One of the UK’s foremost exponents of infectious, electronic pop music, Hot Chip are typically at the forefront when it comes to adapting to new technology. This year has presented new challenges, however. With regular touring on hold, the band – still riding the wave of the critically acclaimed recent record A Bath Full of Ecstacy – are set to perform an exclusive, globally-streamed live spectacular dubbed ‘Streamland’ at Margate’s Dreamland this Saturday 5th September.
The show will be performed in front of a socially distanced audience and will be the only live performance of the year for the five-piece. It will be streamed over three broadcasts taking place at different times to cater for different time zones. The broadcast will be available to watch via the DICE app, and tickets are available via streamland.co.uk.
The band say “To all the good people of Margate and around the world, we know it’s been a difficult year and you are starved of the sweet vibrations of live music. After all the cancellations, it’s become really important to us that we perform live and direct to our fans. We’ve teamed up with Streamland to play our only show this year – live with all the maximalist production of a full festival set. It’ll be streamed into your screens at high resolution. We’re pretty stoked about it and can’t wait for you to join us.”
We spoke to Hot Chip’s Felix Martin about what they have in store for those tuning in…
MusicTech: Firstly, how did COVID-19 affect your plans for this year?
Felix Martin: It’s affected our plans quite a bit. We had a massive new show last year with loads of production all related to the artwork and concept of our last album – we had a brilliant time touring and preparing the groundwork for some headlining festival gigs this summer but that hasn’t really worked out as we had planned! There are people in a much worse position though.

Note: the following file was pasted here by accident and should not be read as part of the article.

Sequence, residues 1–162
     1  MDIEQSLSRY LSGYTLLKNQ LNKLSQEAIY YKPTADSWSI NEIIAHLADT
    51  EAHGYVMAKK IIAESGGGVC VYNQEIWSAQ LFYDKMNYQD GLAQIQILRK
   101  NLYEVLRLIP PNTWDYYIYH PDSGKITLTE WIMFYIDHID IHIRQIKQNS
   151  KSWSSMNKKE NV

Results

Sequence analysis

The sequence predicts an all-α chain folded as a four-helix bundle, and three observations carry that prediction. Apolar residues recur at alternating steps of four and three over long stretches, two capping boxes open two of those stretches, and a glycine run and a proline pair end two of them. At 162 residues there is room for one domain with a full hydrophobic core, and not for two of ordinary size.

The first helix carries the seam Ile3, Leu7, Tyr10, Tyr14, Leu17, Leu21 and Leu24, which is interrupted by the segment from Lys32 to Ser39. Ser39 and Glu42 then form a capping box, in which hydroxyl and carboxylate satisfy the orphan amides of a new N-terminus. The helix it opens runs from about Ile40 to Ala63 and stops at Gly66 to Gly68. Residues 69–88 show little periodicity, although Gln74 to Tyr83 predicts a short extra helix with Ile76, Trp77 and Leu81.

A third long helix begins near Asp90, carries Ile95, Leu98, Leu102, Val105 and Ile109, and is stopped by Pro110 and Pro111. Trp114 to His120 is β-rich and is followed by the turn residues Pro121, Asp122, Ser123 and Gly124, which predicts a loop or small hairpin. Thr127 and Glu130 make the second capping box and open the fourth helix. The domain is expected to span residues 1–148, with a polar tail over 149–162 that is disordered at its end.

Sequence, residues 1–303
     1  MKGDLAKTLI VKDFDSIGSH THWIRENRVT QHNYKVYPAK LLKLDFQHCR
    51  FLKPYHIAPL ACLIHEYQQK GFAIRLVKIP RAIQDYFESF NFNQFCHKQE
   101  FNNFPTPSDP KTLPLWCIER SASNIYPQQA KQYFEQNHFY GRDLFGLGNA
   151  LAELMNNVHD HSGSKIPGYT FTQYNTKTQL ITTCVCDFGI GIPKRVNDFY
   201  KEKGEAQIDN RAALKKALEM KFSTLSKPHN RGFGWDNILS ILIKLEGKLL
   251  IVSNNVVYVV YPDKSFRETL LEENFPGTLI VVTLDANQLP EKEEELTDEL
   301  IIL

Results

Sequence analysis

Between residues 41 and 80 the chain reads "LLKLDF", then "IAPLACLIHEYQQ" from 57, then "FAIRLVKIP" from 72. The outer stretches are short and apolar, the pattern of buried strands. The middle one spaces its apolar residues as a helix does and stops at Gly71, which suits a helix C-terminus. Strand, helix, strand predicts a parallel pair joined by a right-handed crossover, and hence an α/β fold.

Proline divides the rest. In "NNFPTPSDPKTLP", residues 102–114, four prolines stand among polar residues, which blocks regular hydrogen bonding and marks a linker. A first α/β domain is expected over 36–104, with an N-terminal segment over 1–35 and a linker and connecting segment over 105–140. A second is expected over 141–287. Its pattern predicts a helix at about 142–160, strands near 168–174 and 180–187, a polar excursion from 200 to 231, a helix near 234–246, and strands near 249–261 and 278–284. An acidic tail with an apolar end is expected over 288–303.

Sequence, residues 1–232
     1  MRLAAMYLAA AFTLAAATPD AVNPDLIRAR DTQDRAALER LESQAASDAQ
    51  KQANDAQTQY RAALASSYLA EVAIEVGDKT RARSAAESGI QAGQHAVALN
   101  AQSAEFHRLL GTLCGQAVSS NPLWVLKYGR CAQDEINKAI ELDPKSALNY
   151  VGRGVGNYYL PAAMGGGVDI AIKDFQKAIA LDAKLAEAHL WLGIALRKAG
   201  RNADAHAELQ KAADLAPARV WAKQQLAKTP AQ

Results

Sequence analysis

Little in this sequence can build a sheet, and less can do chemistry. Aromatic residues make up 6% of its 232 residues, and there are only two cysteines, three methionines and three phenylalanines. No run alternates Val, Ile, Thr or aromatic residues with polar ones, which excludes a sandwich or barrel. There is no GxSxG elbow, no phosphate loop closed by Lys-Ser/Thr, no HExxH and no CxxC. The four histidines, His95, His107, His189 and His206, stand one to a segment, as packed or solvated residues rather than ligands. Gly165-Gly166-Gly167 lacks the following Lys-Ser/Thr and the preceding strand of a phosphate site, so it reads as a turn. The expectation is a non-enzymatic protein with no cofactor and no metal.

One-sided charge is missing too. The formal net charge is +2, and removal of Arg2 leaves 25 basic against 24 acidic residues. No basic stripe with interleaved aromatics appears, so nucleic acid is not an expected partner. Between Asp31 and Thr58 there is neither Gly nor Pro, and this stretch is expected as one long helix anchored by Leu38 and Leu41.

MT: You’re known for providing an extraordinary live experience, how important is live performance for you?
FM: It’s the bread and butter of what we do. It always has been really – providing exciting live shows full of instruments and playing and crazy lights and so on.
MT: The upcoming globally streamed show at Dreamland sounds like a complex feat, but it seems like a potential solution for this year’s live gig drought. How did you first get involved with Dreamland and what drew you to the idea?
FM: The idea came via our lovely management company Verdigris … they have been dreaming up all kind of things to keep us occupied…
MT: How have you adjusted your technology/live set-up to accommodate the additional streaming mechanics?
FM: Not at all really – it will be exactly the same as the festival set from last year, which is a good thing! Really nice lights and stage set which will be good to capture on video. I use Ableton Live to sequence MIDI and clicks that control various pieces of analogue synth equipment on stage. A Waldorf KB37 to play eurorack modules and Dave Smith Tempest for drums.
MT: When thinking about the band’s musical trajectory, it seems that both a spirit of fun, hand-in-hand with innovation, are hallmarks of your ever-evolving sound, what else guides you forward?
FM: Experimentation is always fun, combining different influences and playing around with new and old technology. That’s what keeps us going I think.
MT: Your last album, A Bath Full Of Ecstasy, was a hopeful and optimistic record, have you been writing new material during lockdown, and what are your hopes and ambitions for 2021?
FM: I’ve been working on stuff at home and a tiny bit at my friend Al Doyle’s fantastic new studio in East London. Lots of heavy electronic music, we’ll see where it goes!